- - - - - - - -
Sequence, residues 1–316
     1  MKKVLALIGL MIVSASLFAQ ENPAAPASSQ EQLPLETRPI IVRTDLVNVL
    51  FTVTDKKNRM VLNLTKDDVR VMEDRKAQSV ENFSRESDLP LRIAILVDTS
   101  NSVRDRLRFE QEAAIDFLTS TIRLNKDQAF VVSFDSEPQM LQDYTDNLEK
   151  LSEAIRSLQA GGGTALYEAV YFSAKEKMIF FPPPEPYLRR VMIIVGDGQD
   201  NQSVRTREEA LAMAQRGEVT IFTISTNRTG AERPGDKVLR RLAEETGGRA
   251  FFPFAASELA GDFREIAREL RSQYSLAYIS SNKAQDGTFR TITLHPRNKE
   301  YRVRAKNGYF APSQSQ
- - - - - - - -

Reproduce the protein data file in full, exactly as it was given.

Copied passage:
Sequence, residues 1–316
     1  MKKVLALIGL MIVSASLFAQ ENPAAPASSQ EQLPLETRPI IVRTDLVNVL
    51  FTVTDKKNRM VLNLTKDDVR VMEDRKAQSV ENFSRESDLP LRIAILVDTS
   101  NSVRDRLRFE QEAAIDFLTS TIRLNKDQAF VVSFDSEPQM LQDYTDNLEK
   151  LSEAIRSLQA GGGTALYEAV YFSAKEKMIF FPPPEPYLRR VMIIVGDGQD
   201  NQSVRTREEA LAMAQRGEVT IFTISTNRTG AERPGDKVLR RLAEETGGRA
   251  FFPFAASELA GDFREIAREL RSQYSLAYIS SNKAQDGTFR TITLHPRNKE
   301  YRVRAKNGYF APSQSQ